SOC 2, aka Service Organization Control Type 2, is a cybersecurity compliance framework developed by the American Institute of Certified Public Accountants (AICPA). The primary purpose of SOC 2 is to ensure that third-party service providers store and process client data in a secure manner.
The framework specifies criteria to uphold high standards of data security, based on five trust service principles: security, privacy, availability, confidentiality, and processing integrity.
Unlike other compliance frameworks, which have a predefined set of conditions for all companies, SOC 2 requirements are different for every organization. Depending on their own operating models, each organization must formulate its own security controls to become compliant with the five trust principles.
Security. Broadly speaking, the security principle enforces the protection of data and systems, against unauthorized access. To that end, you may need to implement some form of access control, e.g. using access control lists or identity management systems.
You may also have to strengthen your firewalls, by introducing stricter outbound and incoming rules, introduce intrusion detection and recovery systems, and enforce multi-factor authentication.
Confidentiality. Data qualifies as confidential if only a specific group of people should access it. This may include application source code, usernames and passwords, credit card information, or business plans, etc.
To adhere to this principle, confidential data must be encrypted, both at rest and during transit. Moreover, while providing access to confidential data, adhere to the principle of least privilege, i.e. grant the bare-minimum permissions/rights that people need to do their jobs.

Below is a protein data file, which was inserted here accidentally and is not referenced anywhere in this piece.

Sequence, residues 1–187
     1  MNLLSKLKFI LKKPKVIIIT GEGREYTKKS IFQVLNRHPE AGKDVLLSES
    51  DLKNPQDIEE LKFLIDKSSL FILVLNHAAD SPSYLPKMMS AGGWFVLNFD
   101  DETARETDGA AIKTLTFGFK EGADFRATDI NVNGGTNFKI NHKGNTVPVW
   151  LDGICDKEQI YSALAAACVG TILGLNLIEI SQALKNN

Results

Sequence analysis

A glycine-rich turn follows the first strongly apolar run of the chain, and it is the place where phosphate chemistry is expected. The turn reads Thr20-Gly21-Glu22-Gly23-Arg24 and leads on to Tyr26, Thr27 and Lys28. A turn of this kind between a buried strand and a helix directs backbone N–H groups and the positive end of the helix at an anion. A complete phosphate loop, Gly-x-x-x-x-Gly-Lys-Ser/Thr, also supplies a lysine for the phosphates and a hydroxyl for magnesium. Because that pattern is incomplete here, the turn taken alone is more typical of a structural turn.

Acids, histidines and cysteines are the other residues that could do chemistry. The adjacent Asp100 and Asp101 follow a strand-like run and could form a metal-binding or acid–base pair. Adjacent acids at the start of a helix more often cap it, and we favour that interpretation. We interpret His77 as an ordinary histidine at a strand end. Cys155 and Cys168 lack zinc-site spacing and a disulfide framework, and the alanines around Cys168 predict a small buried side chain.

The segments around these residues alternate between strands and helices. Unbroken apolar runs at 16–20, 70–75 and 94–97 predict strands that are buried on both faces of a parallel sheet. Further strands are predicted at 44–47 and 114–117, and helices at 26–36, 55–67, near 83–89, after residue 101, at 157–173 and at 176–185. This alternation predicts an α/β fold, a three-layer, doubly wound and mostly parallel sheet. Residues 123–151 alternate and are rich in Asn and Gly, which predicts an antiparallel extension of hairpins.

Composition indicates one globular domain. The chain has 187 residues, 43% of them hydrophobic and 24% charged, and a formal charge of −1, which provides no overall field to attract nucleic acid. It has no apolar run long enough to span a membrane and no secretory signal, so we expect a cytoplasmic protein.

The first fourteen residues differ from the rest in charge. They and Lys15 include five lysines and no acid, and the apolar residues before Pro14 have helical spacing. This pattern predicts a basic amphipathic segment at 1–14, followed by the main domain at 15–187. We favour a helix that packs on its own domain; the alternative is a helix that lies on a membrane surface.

Availability. Systems should meet availability SLAs at all times. This requires building inherently fault-tolerant systems, which do not crumble under high load. It also requires organizations to invest in network monitoring systems and have disaster recovery plans in place.
PII is any information that can be used to uniquely identify an individual, e.g. name, age, phone number, credit card information, or social security number etc. An organization must enforce rigorous controls to protect PII from unauthorized access.
Processing integrity. All systems must always function as per design, devoid of any delays, vulnerabilities, errors, or bugs. Quality assurance and performance monitoring applications and procedures are crucial to achieve adherence to this principle.